White is still the rage, but surprising hues are gaining.
By Tammy Adamson-McMullen
News flash: Painted cabinets will still be on-trend in 2019, but not all of them will be white. While white has dominated the cabinetry in kitchens and baths, more colourful options are on the rise, from pale yellows and greens to mid-range blues and reds to deep shades of charcoal and even black. You can expect these bolder cabinet colours in many of the most fashionable homes next year.
Of course, this doesn’t mean that white is “out.” Bright white, soft white and off-white are still popular cabinet colours and will be for many years to come. There’s good reason for this: White makes a space look clean and bright. It works well with other colours and with a variety of decorating styles. And it makes small spaces look roomier—perfect for tight galley kitchens and half baths.
But it’s becoming more common for homeowners to cherry-pick another hue from their home’s colour scheme and apply it to their cabinets. This technique offers some benefits:
It allows you to greater customise your kitchens and baths and to express your own true style.
It adds to your home’s “flow,” an important design concept, as you tie these rooms into other areas of the home.
And it allows you to set a mood. For example, a kitchen with red cabinets can create some “spice” and excitement; a bath with blue cabinets will feel more spa-like.
While just about anything goes, there are some cabinet colours that are more on-trend than others, including both greyed and sun-kissed olives, slate blue, complex reds, dark charcoal, light grey and blue-greens like teal. On occasion, you’ll even see muted shades of purple, which work well with the grey-and-purple colour schemes that have become so popular. (Not uncoincidentally, all of these colours are part of the 2019 home decorating forecast.)
Another rising cabinet colour is yellow, which is being used throughout the home, not only as pops of colour but as part of the main decorating scheme. Yellow is making its way onto cabinets in a range of beautifully sophisticated tints. Like white, yellow can make a room feel bright and is a good choice in rooms where there is a lack of natural lighting.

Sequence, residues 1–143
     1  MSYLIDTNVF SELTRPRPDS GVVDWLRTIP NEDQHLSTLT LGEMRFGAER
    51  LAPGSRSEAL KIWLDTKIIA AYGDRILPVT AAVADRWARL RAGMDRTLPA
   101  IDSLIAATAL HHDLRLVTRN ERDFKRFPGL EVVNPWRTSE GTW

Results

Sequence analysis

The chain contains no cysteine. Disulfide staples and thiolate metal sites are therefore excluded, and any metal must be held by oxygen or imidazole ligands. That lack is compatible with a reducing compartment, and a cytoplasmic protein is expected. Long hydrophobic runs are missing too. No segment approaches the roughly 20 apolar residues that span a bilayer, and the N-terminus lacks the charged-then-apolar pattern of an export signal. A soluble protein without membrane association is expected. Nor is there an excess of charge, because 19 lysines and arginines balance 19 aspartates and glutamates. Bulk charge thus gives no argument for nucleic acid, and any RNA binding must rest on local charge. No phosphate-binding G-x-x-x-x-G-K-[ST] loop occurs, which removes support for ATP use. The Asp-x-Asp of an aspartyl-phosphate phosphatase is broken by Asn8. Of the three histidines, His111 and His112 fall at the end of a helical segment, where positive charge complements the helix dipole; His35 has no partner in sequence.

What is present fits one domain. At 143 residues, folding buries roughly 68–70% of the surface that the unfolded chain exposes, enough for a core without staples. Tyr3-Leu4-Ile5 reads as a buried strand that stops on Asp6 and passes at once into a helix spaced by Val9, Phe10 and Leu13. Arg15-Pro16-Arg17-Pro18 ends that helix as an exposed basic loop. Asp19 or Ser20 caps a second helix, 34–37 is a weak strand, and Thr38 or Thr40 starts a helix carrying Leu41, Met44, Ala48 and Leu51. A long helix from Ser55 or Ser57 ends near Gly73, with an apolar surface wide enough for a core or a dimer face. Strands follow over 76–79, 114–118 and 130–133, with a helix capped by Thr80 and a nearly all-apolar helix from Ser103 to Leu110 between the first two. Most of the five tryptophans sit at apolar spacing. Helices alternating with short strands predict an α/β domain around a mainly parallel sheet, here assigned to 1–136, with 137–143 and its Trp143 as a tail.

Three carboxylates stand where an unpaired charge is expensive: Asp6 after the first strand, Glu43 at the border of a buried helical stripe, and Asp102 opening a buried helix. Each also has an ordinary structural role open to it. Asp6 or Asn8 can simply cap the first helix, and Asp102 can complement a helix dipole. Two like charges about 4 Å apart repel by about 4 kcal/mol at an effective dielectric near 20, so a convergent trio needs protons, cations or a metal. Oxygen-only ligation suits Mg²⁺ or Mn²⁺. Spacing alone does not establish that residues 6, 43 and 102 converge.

One word of caution: Yellow can be overdone. There is a something in colour psychology called “yellow fatigue,” a phenomenon that makes yellow especially wearisome as we age. If you’re considering yellow for your cabinetry, you might use it sparingly—such as on a top or lower bank of cabinets—or in a softer shade, such as chamois or buttercup.
On the other end of the spectrum, black also is a trending cabinet colour, usually appearing in a flat or matte finish. The look is extremely high-end, especially when juxtaposed with brushed nickel or gold fixtures. In general, black should be saved for larger rooms and in areas that have plenty of light sources, since black absorbs light.
Of course, you don’t have to paint all of your cabinets at once to achieve the benefits mentioned earlier. You can paint just your upper or lower cabinets, a kitchen-island or another piece of cabinetry in the room—whatever suits your fancy.
A rule of thumb: When pairing colours, try to keep the “colour temperatures” the same—in other words, keep warm colours together (those with a yellow cast) and cool colours together (those with a blue cast). That being said, there are some colours that work especially well together:
Charcoal is stunning with deep reds and blue-greens. It also works well with the white family, from brighter hues to ivory.
Blues and yellows look especially fresh with white and are a classic pairing when used together.
Warm, deep reds take on an air of sophistication when paired with warm whites and creams.
Black also looks sophisticated with cream and becomes less overpowering
Neutrals, like olive and grey, are beautiful accompaniments to brighter hues. They also pair beautifully with wood stains.
This pairing technique is a great way to get used to a new cabinet colour without committing to the entire room. What’s more, you don’t have to worry that this look will go out of style any time soon. A mix of finishes is perfectly on-trend—and perfect regardless if this is the look you desire.